That sound you hear around the nation's capital is the political class, chortling. They're amused (rather than outraged) by the spectacle of so many on Wall Street extended their hands, palms up, seeking financial help from Washington.
The public phase of the Democratic presidential race will now pause, briefly, for a back-to-the-future experiment in backroom deal-making. It's an unusual turn for the self-styled party of the people, which began four decades ago to throw open the doors of its nomination process to rank-and-file voters.
Time once again to share your mail, and answer some of yours messages. Thanks for writing, and keep 'em coming. From Patty: "Geraldine Ferraro basically called Senator Obama Senator Edwards. Is that such an insult? I hasten to add that I believe that if Senator Clinton's preacher of 20 plus years was advocating singing "God Damn America,"
One of the familiar themes of modern day politics is whining about the role of the press. Losing candidates often resort to this as an explanation for their lagging performance. We've heard it plenty from Hillary Clinton's campaign, which says the press has been too hard on her and too easy on Barack Obama.
Some mistakes in a campaign have a very limited half-life, like Obama adviser Samantha Power's statement that Hillary Clinton is a "monster" -- an obvious lapse into hyperbolic trash talk. Power resigned. Others loom larger -- with longer-lasting effects. Take Geraldine Ferraro's statement...
Meet the business turnaround king Marcus Lemonis. He's spending millions of his own money to save failing businesses. The Profit returns this October!
Entrepreneurs can learn by seeking advice from business owners before them - especially Marcus Lemonis of CNBC's "The Profit." With his hands in more than 100 businesses, Lemonis dispenses advice daily on social media. Here on "The Biz Fix" he answers some often-asked questions.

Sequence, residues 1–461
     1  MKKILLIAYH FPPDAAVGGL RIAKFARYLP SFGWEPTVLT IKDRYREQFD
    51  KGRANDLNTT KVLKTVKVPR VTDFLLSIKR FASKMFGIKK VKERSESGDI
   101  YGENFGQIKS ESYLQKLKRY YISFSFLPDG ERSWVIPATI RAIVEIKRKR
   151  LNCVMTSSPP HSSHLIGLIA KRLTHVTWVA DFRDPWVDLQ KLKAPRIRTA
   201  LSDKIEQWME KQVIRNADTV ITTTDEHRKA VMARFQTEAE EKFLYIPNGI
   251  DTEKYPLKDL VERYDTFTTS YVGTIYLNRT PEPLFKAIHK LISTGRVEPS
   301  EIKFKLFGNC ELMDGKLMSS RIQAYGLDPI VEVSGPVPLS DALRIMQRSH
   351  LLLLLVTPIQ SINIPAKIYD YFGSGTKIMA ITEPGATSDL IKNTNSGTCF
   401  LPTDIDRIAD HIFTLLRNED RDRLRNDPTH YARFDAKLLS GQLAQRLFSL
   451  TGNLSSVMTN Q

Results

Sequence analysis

These designers hope to replace disposable plastic cups with their biodegradable, edible cup called Loliware.
A former Army intelligence officer known as "Mr. X" stole millions through a fake veteran's charity and eluded authorities by using an array of false identities. No one figured out who he really was or where he came from until he made one misstep ...
When reporter Jeff Testerman visits the home of retired navy commander Bobby Thompson, he finds quarters unfit for an officer.
Investigators follow a trail of stolen identities with plenty of twists and turns in the case of fugitive Bobby Thompson, a self-proclaimed retired navy lieutenant commander with a background in intelligence. His fingerprints are nowhere to be found in the United States, Canada or through Interpol.
From the highest highs to the lowest lows, see the people who made it big or lost it all in Las Vegas.
Gamblers don’t always bet money or bet at casinos. Here are strange items they bet with, and odd dares they bet on.
CNBC.com takes a look at some of the famous faces who like to live large and win big at the casinos.